In 2016, after a lovely day but a brutal year, I found myself at 2am standing on a local bridge wanting to finish everything. I’d been battling suicidal ideation for years and years, along with self-harm, panic, and anxiety. I was prescribed Sertraline, yet another antidepressant, by my GP and put on a counselling waiting list.
I was full of tears, panic, and overwhelm, unable to vocalise or help myself. I paid and saw a private counsellor (through my church) who listened to what I’d been going through over many years. She showed a desire to help and validated the pain and overwhelm that I felt. I’d tried asking my church for financial aid to get counselling, but been turned down, however the attempt on my life changed that, and we got financial aid to see another private counsellor closer to home through church social services.
Seeing a counsellor whilst on antidepressants is always weird for me. It feels difficult to be authentic because medication balances and numbs, so I was worried she wouldn’t see the real me through the deception of meds. I felt I would look too normal, undeserving of counselling, and she wouldn’t see my inner turmoil. However, I felt really comfortable with her, she made me feel understood and validated, and it felt like spending time with a friend. I looked forward to my weekly sessions.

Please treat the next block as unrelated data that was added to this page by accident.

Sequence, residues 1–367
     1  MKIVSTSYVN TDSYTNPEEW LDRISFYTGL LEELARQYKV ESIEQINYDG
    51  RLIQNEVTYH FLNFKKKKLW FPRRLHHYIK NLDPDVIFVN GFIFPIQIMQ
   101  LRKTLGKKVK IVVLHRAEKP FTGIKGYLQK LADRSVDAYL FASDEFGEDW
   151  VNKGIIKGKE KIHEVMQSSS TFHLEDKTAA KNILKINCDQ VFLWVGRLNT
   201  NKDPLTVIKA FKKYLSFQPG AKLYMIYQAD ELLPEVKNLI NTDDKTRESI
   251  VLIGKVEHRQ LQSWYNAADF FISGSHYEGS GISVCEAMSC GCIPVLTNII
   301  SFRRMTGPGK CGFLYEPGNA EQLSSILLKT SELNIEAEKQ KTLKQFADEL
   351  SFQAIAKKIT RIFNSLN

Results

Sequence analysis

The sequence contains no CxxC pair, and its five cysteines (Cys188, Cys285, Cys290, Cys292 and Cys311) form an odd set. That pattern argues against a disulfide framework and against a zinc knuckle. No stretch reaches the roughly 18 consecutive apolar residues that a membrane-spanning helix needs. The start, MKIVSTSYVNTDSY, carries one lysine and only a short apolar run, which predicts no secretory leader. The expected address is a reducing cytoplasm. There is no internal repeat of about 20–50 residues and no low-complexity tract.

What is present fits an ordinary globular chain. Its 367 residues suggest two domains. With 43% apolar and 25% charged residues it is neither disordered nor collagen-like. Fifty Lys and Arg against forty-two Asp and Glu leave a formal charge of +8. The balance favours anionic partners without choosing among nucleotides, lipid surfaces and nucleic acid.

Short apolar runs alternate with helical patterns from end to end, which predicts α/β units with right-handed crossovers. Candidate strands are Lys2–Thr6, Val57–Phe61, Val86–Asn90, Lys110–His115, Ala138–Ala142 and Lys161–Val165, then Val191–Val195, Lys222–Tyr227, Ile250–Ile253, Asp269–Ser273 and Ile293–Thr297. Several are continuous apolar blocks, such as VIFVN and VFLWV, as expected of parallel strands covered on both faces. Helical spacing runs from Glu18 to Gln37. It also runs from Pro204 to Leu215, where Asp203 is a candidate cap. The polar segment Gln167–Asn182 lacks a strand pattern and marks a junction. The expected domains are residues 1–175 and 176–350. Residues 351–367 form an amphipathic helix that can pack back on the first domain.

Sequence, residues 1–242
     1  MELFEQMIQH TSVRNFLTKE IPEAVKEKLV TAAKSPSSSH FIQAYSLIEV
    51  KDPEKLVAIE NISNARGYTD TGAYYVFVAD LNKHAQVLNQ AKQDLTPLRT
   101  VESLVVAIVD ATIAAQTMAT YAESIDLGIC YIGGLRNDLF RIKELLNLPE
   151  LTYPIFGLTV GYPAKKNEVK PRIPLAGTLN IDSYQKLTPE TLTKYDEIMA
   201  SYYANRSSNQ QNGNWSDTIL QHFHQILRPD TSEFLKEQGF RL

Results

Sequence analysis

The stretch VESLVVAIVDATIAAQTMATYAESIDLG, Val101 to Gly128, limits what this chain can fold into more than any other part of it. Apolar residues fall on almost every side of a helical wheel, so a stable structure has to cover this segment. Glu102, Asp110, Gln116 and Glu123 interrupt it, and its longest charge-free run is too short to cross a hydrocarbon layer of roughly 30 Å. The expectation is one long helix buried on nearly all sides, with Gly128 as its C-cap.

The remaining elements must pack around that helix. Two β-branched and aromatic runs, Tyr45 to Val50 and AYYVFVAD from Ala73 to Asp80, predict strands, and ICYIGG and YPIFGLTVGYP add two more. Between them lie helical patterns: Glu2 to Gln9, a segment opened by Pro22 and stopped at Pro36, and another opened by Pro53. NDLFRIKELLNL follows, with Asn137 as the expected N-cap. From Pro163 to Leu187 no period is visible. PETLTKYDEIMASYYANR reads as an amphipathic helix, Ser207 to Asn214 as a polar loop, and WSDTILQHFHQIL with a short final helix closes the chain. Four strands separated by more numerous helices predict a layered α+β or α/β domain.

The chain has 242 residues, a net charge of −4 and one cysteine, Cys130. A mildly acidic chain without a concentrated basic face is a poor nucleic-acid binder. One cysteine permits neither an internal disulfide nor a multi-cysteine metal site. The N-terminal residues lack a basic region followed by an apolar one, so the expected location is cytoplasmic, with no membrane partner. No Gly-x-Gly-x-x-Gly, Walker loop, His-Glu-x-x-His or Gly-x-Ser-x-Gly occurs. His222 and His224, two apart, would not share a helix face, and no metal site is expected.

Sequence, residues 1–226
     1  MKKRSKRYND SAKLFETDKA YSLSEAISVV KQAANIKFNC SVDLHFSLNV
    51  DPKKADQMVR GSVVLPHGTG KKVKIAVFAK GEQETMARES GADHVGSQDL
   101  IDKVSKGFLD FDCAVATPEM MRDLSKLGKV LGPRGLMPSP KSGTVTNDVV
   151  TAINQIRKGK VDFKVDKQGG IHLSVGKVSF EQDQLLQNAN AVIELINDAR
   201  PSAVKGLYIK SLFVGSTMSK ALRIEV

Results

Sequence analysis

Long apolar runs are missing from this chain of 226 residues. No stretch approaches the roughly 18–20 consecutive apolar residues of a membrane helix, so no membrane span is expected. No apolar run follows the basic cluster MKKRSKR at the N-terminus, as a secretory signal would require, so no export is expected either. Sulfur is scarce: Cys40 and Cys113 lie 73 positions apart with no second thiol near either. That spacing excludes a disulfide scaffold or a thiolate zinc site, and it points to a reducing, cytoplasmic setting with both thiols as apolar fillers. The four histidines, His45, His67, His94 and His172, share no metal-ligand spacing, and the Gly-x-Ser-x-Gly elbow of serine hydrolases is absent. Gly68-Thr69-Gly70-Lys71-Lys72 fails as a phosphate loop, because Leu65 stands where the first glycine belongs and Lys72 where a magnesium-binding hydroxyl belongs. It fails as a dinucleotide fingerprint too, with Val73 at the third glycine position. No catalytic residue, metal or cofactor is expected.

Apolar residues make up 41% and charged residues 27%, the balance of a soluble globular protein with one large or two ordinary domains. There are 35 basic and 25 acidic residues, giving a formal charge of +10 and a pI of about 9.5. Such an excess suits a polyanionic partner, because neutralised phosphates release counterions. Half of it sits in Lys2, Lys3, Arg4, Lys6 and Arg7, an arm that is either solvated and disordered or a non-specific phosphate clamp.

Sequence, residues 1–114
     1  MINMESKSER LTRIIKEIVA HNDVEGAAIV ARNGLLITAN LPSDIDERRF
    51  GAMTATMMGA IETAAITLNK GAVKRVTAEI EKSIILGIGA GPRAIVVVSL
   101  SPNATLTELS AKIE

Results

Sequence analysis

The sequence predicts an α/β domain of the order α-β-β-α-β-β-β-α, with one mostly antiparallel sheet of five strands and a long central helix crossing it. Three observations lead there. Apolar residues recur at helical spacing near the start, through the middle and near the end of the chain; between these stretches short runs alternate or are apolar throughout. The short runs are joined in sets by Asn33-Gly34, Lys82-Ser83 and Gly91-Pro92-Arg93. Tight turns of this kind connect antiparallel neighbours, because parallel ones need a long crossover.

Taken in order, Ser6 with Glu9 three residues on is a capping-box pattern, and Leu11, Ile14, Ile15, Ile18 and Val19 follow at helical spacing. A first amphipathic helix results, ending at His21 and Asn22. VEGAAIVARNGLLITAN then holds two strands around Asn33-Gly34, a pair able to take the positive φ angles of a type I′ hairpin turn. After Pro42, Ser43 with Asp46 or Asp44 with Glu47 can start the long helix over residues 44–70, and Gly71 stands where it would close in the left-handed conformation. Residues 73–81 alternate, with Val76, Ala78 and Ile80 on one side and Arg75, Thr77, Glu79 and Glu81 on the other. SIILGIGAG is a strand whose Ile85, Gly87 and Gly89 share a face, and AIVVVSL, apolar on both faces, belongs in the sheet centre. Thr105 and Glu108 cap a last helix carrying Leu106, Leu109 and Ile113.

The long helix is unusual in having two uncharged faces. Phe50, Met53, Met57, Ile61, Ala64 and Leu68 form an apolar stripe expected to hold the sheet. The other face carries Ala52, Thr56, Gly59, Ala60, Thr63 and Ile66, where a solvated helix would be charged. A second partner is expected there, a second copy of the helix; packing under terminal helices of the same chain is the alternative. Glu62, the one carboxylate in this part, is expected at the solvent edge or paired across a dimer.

We talked about my trauma, family, the difficulties life threw at us, and I learned ways to ground myself, to cope with my sensory issues, and ways to try and deal with my self-harm. I talked a lot about my family and how deeply my emotions were interwoven with their needs, more so than my own. We looked at anxiety and how to deal with it, we used mindfulness, meditation, ACT – Acceptance and Commitment Therapy, and she helped me talk about my fears, concerns, and anxieties. After six months I felt much more secure within myself and we stopped counselling, but have become friends.
This period had been positive and taught me a lot. I used grounding and sensorytools to help cope with anxiety and had an ACT textbook which I could work through. This began a much happier time in my life.
I was offered counselling through the NHS whilst receiving private counselling, but I had to turn it down due to a conflict of interest, it would be unethical to see two therapists at the same time, and I felt I was doing well with my counsellor.